Accepted paper:

Lucknow's Muslim middle class: competing narratives of modernity

Authors:

Stefanie Strulik (Graduate Institute of International and Development Studies,Geneva)

Paper short abstract:

The paper starts with giving an overview of the transformation of the Muslim middle class in Lucknow under globalization in recent years. It moves on to delineating how narrative and performative aspects of middleclassness are tied to a new economic nationalism and discourses on Indian modernity.

Paper long abstract:

The last decade has seen an increased interest the "phenomenal rise of the Indian middle class". With economic liberalization since the 1990s, the entering of multinationals into the Indian market and the simultaneous process of a rapidly growing transnational media and consumption culture "new economies of desire" have developed. Boundaries between 'traditional India' and the 'modern West' have been broken down and a new national self-image as a modern global player has emerged. Public Indian discourses typically make a correlation between the growing middle class and the national pride of modern India. While increasing consumer choices, and western connoted values are important symbolic markers of middle class membership, the latter is linked to an expressive and confident affirmation of "Indianness" which is primarily oriented around a Hindu India. Taking the hype over the growing Indian middle class as a point of departure, the paper will questions this tacit equation of the middle class and Hindu Indian modernity and draws attention to the Muslim middle class. The paper, which is based on fieldwork in Lucknow, starts with giving an overview of the transformation of the Muslim middle class in Lucknow under globalization in recent years. It moves on to delineating how narrative and performative aspects of middleclassness are tied to a new economic nationalism and discourses on Indian modernity. A focus on the multipolar transnational references in knowledge production tries to trace the entangledness of competing narratives of modernity and middleclassness in India and within Muslim middle class in Lucknow in particular.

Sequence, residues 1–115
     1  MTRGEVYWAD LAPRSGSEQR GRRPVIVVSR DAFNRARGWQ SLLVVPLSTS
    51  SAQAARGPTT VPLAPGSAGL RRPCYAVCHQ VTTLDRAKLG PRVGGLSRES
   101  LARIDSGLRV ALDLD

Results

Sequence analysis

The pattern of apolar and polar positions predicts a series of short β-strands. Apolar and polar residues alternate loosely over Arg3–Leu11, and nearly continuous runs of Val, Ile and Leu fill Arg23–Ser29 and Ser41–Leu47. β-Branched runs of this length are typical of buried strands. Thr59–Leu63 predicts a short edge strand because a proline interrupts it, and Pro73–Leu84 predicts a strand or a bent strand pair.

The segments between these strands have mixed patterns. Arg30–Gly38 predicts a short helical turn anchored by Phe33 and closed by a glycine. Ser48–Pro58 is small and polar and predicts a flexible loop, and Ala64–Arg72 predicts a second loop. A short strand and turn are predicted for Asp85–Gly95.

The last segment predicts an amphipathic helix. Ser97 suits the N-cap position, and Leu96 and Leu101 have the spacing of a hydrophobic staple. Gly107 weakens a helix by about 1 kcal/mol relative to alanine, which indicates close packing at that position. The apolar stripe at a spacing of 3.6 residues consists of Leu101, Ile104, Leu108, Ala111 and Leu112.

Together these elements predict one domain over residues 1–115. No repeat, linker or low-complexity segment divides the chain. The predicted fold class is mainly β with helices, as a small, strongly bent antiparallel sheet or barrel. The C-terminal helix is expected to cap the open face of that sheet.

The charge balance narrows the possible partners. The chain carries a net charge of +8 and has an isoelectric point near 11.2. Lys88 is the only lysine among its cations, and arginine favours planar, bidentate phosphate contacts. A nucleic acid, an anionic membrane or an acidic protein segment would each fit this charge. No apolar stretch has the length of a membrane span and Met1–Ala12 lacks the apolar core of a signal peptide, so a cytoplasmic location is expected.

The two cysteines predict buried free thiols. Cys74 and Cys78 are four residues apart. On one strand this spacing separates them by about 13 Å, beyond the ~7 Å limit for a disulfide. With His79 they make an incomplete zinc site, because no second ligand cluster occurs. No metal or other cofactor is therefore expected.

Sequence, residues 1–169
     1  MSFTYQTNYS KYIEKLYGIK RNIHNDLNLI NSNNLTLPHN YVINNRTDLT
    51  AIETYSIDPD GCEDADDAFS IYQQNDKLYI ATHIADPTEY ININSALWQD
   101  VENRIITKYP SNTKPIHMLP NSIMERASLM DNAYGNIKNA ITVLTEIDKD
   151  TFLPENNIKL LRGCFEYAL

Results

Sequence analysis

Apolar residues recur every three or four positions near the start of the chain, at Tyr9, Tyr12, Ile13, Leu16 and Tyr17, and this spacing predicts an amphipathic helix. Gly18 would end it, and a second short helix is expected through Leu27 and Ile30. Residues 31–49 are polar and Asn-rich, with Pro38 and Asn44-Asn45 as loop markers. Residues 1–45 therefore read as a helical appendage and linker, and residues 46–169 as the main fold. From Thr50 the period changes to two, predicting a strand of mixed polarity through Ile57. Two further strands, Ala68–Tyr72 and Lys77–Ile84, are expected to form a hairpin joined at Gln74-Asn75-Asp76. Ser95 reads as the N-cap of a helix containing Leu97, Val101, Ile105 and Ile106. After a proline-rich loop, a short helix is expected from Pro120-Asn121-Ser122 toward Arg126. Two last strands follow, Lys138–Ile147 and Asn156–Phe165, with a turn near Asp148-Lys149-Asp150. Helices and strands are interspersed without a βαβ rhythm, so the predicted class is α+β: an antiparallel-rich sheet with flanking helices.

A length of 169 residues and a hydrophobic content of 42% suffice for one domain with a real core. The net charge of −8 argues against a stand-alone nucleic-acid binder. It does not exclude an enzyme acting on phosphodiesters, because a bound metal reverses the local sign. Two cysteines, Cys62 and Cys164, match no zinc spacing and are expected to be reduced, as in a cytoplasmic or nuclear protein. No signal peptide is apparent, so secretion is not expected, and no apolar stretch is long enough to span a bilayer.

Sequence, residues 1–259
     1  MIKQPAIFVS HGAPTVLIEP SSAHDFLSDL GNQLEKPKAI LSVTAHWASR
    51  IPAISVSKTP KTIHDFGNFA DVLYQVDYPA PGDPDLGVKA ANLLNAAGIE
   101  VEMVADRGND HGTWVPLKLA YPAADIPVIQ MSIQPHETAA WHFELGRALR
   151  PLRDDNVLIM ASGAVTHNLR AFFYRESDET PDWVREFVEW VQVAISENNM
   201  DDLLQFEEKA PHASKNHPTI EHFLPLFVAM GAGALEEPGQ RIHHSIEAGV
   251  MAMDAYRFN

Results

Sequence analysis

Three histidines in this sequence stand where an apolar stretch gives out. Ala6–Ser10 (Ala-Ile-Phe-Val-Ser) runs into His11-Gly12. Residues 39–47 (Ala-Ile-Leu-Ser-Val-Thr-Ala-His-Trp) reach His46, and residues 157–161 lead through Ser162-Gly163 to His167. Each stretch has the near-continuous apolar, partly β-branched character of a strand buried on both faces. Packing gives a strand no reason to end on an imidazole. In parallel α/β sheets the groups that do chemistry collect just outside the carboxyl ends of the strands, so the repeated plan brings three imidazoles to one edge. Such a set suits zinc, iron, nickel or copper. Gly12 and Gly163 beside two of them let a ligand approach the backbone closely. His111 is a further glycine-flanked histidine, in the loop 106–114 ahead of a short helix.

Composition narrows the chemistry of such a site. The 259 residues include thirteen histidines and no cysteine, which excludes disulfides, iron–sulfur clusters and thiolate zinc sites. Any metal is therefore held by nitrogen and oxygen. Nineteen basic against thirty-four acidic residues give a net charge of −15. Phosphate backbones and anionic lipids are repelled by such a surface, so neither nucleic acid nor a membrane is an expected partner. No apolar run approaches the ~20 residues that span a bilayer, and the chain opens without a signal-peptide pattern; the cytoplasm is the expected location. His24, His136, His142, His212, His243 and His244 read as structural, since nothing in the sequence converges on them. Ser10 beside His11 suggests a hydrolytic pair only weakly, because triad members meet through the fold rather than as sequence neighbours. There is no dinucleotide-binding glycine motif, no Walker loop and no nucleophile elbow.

panel P07
Contemporary Lucknow: life with "too much history"